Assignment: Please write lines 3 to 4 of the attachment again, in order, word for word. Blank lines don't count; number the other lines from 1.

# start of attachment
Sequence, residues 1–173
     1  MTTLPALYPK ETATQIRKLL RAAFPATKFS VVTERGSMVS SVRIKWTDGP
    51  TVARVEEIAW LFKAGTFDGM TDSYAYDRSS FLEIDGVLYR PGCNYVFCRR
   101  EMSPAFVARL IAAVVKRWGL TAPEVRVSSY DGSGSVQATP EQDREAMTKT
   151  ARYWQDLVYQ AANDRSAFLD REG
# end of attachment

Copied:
    51  TVARVEEIAW LFKAGTFDGM TDSYAYDRSS FLEIDGVLYR PGCNYVFCRR
   101  EMSPAFVARL IAAVVKRWGL TAPEVRVSSY DGSGSVQATP EQDREAMTKT